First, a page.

Extensive research has been published on the nature of classroom mathematical discourse and on the impact of technology tools, such as virtual manipulatives (VM), on students’ learning, while less research has focused on how technology tools facilitate that mathematical discourse. This paper presents an emerging construct, the Techno-Mathematical Discourse (TMD) framework, as a means for analyzing and interpreting aspects of learning when students use technological representations to mediate mathematical discussions. The framework focuses on three main components: classroom discourse, technology tools, and mathematical tasks. This paper examines each of these components, and then illustrates the framework using examples of students’ exchanges while interacting with virtual manipulatives. The TMD Framework has applications relevant to teachers, teacher educators, and researchers concerning how technology tools contribute to discourse in mathematics classrooms. The TMD framework addresses a critical issue in mathematics education, in that classroom teachers and researchers need to understand how technology facilitates classroom interactions and how to best leverage technology tools to enhance students’ learning of mathematics. Full article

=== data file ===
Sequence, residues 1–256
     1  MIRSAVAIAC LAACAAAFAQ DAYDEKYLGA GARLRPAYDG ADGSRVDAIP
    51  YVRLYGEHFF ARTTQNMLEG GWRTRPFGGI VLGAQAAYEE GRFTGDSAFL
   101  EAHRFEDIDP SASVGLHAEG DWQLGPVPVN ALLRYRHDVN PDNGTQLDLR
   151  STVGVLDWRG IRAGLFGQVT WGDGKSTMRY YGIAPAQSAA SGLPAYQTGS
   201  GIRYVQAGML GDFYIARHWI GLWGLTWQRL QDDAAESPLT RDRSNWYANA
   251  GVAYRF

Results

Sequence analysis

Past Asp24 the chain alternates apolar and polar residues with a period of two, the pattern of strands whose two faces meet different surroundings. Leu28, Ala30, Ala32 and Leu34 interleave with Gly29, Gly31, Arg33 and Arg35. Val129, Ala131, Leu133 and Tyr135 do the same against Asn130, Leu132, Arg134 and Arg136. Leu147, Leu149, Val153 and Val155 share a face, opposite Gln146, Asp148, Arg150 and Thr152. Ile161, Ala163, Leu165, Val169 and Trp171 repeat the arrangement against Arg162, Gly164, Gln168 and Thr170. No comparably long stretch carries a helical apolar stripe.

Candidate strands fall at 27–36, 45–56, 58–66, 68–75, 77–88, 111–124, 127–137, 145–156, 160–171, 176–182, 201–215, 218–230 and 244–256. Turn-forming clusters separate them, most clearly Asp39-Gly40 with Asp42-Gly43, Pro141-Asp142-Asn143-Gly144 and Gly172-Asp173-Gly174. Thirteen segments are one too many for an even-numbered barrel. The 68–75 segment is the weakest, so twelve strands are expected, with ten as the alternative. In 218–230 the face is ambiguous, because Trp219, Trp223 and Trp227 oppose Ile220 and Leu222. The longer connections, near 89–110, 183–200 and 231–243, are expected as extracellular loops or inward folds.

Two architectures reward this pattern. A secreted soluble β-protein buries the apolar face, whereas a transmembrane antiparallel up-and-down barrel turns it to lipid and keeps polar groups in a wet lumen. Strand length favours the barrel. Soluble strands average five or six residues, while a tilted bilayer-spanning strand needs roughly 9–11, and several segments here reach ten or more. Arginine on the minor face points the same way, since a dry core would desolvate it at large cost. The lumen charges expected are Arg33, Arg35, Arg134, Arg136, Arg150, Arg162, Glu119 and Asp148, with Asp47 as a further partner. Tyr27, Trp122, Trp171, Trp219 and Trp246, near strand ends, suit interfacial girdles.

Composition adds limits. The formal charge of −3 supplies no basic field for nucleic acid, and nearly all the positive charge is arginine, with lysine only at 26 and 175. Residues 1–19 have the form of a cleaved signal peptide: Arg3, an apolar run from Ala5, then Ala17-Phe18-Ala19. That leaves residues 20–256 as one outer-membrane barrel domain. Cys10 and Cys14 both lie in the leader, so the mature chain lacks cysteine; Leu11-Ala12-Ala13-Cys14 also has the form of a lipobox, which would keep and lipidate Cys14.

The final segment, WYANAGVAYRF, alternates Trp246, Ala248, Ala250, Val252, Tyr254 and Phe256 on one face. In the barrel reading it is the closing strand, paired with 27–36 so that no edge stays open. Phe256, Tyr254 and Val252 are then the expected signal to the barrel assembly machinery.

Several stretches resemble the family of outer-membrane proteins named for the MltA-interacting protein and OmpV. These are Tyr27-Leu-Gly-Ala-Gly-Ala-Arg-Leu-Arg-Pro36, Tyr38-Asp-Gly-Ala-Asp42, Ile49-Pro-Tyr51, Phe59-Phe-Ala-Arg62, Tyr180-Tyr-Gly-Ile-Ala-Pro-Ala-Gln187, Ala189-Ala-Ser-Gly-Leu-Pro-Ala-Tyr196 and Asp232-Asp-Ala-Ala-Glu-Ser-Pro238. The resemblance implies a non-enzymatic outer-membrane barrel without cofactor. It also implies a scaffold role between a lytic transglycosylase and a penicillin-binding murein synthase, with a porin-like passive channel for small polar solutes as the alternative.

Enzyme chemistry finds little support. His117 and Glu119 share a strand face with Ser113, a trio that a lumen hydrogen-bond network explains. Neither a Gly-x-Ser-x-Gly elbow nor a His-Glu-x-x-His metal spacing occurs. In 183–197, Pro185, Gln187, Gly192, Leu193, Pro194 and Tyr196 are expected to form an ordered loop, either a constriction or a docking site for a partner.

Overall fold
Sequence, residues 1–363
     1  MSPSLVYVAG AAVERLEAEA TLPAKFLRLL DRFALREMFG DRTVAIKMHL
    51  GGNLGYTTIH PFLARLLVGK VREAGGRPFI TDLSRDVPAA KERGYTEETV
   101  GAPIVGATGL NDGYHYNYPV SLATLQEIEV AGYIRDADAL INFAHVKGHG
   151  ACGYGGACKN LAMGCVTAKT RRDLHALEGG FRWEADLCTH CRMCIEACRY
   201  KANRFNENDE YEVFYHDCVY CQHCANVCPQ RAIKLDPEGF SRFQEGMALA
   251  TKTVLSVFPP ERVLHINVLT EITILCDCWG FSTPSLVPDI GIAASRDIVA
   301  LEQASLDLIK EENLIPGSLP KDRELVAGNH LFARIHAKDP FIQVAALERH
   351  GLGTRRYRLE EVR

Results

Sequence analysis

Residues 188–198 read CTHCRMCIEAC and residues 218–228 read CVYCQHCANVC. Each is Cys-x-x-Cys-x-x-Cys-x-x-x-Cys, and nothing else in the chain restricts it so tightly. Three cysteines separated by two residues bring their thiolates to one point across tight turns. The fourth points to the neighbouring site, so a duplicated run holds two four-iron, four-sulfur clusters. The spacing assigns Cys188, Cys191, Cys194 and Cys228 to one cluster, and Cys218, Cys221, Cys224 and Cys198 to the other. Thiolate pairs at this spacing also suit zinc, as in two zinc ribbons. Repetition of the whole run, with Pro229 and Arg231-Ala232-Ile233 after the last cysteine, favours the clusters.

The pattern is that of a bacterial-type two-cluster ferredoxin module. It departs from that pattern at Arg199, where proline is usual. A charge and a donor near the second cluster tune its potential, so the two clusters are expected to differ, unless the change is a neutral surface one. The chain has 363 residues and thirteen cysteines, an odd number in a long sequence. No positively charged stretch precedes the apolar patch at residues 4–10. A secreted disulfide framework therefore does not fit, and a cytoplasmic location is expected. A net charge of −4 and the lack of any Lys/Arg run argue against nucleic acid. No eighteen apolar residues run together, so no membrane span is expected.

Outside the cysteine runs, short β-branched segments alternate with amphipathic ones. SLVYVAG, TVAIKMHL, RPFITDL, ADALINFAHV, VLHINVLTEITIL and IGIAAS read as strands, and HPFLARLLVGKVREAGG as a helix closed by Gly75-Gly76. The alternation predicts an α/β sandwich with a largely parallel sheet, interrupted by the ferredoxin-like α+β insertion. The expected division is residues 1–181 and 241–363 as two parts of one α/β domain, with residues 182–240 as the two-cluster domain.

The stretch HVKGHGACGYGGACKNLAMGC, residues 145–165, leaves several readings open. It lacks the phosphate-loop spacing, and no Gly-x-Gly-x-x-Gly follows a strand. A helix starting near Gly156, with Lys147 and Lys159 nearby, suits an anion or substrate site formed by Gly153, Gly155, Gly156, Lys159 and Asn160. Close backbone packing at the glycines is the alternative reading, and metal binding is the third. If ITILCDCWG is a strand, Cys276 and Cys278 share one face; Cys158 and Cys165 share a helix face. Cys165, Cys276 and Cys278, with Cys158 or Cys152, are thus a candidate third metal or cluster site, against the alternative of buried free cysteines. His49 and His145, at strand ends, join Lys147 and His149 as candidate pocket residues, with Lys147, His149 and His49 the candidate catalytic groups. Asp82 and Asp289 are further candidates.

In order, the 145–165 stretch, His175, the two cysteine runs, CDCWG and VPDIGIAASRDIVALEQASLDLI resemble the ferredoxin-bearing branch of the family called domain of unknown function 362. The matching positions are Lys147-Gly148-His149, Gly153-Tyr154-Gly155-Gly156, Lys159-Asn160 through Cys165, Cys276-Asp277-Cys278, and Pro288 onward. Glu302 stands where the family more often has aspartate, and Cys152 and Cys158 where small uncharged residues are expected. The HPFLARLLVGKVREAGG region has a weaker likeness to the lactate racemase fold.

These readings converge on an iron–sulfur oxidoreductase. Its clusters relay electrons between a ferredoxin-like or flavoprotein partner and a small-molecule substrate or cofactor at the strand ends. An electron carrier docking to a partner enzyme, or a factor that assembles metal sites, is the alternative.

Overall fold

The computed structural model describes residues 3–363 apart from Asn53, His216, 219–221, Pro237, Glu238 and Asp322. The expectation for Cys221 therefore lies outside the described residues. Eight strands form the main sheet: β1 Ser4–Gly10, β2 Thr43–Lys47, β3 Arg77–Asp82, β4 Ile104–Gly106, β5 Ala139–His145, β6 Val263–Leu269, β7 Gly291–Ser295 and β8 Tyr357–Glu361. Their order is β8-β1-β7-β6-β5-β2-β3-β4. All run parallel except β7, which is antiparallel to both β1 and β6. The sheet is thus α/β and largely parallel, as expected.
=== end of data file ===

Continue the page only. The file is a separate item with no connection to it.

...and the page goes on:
(This article belongs to the Special Issue Critical Issues in Mathematics Education)